It's easy to understand the indignation of Slovak government. Gazprom had few times offered Naftogaz to realize exchange dealing: to pump gas into Ukrainian storehouses near the border with Russia in exchange for the same volume of gas for Slovakia on the border between Slovakia and Ukraine. And every time Gazprom was refused and given the explanation of some "technical" difficulties.

Serbia and Slovakia used to have constructive relationships with Russia, which can't be said about Romania. Nevertheless Romanian side preferred naming the one responsible for the gas crisis clearly. During the phone conversation with Vladimir Putin Trajan Basescu, the President of Romania, mentioned he shared Russia's position about the responsibility of Ukraine for the gas transit to Europe.

But what did Ukraine get as the result? Firstly, a considerable worsening in the relationships with its western neighbors. If before only Germany and France expressed negative attitude to Ukraine joining NATO, then now few countries of so-called New Europe which used to agree to American attitude but suffered much from the gas crisis will share this point. Bucharest had complicated relationships with Kiev before (the border argument about Zmeinyi Island, Rumanian claims for Ukrainian part of Bukovina), and now the memory about cold January of 2009 will obviously worsen it. Hardly will Ukrainian relationships with Bulgaria stay on the same level, after gas blockade led to anti-governmental disorders in the country.

It's obvious that Ukraine may forget about strengthening its transit status and perspectives of building new pipeline systems on the territory of the country (like, for example, White Stream, which was offered by Yulia Timoshenko).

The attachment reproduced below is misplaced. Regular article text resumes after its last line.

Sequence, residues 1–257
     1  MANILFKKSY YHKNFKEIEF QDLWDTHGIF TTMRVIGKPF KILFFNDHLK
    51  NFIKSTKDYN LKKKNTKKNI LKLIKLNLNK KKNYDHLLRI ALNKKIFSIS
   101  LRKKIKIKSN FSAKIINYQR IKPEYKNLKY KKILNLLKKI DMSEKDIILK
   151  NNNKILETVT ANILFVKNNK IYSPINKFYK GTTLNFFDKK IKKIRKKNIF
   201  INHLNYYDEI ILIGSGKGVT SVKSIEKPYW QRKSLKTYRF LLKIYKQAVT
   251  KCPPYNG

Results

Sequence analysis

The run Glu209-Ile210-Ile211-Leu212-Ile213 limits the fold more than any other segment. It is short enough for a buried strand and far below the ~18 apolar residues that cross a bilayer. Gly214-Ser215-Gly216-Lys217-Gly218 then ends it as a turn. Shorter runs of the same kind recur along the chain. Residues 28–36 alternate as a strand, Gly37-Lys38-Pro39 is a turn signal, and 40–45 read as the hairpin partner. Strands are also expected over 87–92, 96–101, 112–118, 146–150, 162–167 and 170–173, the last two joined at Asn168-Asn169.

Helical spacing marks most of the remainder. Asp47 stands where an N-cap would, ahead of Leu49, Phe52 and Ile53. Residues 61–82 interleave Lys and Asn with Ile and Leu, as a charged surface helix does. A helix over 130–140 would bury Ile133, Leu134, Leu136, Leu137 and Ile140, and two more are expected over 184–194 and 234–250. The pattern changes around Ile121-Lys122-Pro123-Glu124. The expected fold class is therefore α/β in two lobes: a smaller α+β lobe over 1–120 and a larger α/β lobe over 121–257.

Even though the gas crisis activated the conversations about the building of Nabucco among European politicians, we'll take a risk to suppose that in future the energy partnership between the Russian Federation and the EU will only get better.

The discussions of Nabucco really do not cease, but while there's simply no gas to fill those pipelines. We'll remind that there are two variants of this pipeline branch avoiding Russia. First variant is the very Nabucco, which brings Central Asian gas. But while Turkmenistan and Uzbekistan sell their gas to Russia on European prices, the project itself stays only on the discussions phase. And the main point is that Ukrainian lesson must be enough for Europeans to understand how risky the dependence of gas pipeline from politically unstable countries is. The second variant (Nabucco with Iranian gas) is connected with even higher political risks.

Still unpredictable actions from Ukraine may repeat again and again. Of course the counties, which suffered from that, plan to build gas storehouses to use them in emergency cases. But nevertheless it's obviously not the salvation of the problem. The actions of Ukraine will only make Europeans realize South Stream project faster. Moscow and Sofia couldn't make a deal about the right of ownership of the gas pipeline on Bulgarian territory, which was the reason for the discussion of building a new pipe on the territory of Romania. But the results of parliamentary elections, which took place in Romania on November 2008, has made this variant improbable. Russia had difficulties with signing contracts on building pipelines with some other Europeans countries. But after Ukrainian demarche the number of states willing to become transit-countries of South Stream will increase, as many would like to secure themselves from tricks of their neighbor countries.